Never mind that the need for more public transport is not clear, given many Canberra bus routes are currently oversupplied. Never mind the environmental degradation caused by the construction of the supposedly environmentally friendly project. It is apparently okay for Greens-inspired projects to cut down more than 860 trees, even if they are being replaced — but good luck mounting the same argument with your local council. And a busway arguably has lower not higher greenhouse emissions than the light rail.

Never mind that the proponents argue the project will create heaps of jobs, while ignoring the people who leave other jobs to work on the rail project. Never mind the benefits being heavily dependent on dubious assumptions about non-transport benefits such as economies of scale and increased tax revenue, assumptions that have also been questioned by the ACT Auditor-General.

Don’t worry about all these issues. The ability to do a snow job on the electorate has helped win an election again.

Increase risk appetite to grow Indigenous economy

Sara Hudson

21 October 2016 | Ideas@TheCentre

aboriginal indigenous business economic developmentSometimes you need to take risks… to make difficult decisions. Do you continue along the familiar well-worn path you have always taken or do you take a gamble and try something new?

Listening to speakers at this week’s Indigenous Economic Development forum in Darwin, I was struck by how the Australian government is caught in this co-dependent relationship with Indigenous Australians; where it cannot bear to consider it may not be needed and the status quo needs to change.

One of the delegates asked a government speaker what they meant by the word ’empowerment’ — and the speaker’s response was “informed decision making.” Then a New Zealand Maori woman got up and explained what real empowerment is.

It is so much more than just having the capacity to decide between two different options — especially when those options are a Clayton’s choice — as they so often are for Indigenous Australians. ‘Do I agree to the government controlling the head lease over my community in exchange for new housing, or do I make do with existing dilapidated social housing?’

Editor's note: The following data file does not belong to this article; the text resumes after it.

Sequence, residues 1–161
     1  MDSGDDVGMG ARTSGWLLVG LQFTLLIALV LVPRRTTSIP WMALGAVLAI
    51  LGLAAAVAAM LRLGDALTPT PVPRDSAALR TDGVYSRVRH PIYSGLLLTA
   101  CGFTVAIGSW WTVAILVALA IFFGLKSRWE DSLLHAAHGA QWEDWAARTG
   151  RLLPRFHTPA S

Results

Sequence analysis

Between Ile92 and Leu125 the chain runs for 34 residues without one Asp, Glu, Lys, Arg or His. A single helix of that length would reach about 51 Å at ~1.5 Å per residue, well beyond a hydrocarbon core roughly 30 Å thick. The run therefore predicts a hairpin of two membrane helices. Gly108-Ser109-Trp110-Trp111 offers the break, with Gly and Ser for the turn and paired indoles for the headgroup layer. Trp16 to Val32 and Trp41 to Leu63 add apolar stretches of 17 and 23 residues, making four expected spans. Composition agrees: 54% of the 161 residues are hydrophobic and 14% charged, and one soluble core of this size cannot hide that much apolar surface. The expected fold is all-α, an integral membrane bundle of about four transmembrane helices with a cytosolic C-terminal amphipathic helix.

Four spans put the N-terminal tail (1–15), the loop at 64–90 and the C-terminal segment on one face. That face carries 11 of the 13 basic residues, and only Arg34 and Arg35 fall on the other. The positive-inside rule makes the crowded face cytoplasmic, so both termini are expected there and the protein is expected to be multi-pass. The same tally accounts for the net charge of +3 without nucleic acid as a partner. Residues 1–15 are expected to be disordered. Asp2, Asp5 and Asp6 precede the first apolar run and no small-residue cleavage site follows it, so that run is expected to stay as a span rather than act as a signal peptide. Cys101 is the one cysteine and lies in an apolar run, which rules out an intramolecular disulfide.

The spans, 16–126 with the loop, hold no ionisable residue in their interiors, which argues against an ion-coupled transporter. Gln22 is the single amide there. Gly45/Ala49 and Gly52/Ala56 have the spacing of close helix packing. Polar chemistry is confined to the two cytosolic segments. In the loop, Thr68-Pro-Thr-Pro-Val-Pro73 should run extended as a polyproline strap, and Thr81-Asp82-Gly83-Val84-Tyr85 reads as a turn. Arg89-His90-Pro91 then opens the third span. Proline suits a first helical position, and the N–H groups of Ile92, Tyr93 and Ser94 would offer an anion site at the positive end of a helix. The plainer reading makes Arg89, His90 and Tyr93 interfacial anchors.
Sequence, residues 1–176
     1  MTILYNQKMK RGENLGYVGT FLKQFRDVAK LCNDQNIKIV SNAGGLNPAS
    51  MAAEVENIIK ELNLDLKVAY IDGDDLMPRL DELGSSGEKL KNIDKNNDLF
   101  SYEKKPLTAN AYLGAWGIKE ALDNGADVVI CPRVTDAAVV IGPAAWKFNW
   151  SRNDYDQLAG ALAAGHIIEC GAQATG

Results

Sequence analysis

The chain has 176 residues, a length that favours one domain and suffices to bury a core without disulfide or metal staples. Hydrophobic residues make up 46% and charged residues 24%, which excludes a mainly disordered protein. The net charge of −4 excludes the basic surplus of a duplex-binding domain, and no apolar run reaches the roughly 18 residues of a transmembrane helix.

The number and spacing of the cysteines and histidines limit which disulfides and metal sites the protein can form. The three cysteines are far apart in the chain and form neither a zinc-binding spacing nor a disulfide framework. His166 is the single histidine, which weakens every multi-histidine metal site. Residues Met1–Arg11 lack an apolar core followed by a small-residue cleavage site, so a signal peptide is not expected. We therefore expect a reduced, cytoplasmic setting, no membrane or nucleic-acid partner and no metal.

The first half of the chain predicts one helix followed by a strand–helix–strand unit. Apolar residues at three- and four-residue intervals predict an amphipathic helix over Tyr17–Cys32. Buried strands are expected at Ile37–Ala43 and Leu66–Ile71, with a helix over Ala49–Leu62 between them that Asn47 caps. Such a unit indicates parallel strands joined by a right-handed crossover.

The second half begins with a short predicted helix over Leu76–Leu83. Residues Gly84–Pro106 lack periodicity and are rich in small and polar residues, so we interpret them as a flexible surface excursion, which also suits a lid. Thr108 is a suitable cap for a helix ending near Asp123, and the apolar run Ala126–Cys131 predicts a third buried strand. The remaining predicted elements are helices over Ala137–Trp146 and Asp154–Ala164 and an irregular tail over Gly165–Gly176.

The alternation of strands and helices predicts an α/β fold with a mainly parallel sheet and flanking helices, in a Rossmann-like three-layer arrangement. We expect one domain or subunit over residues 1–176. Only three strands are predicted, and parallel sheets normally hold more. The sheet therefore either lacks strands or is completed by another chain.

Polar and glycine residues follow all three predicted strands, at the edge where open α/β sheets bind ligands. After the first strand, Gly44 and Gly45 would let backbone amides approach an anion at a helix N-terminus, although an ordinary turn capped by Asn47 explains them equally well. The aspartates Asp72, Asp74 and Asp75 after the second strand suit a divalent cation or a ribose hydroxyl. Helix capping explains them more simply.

The Maori woman explained how her tribe, the Ngai Tahu, had reconstructed their relationship with the New Zealand government following treaty settlement negotiations. Instead of having ‘options’ imposed on them by government, they were developing their own opportunities — moving away from dependence on government to a self-sustainable future where their business enterprises were funding social and education programs for their people.

Here in Australia, the chances of Aboriginal and Torres Strait Islanders being provided with the opportunity for such independence is a still long way off.  The Aboriginal Benefit Account — which consists of funds generated from mining royalties in the Northern Territory — is administered by the federal government, not by the communities themselves.

Allowing local Indigenous people control over their own money is considered too risky.  But isn’t it time to take a gamble? Until the Australian government is ready to cut the apron strings and the red tape restricting Indigenous land use and resources, Indigenous Australians are unlikely to experience real empowerment.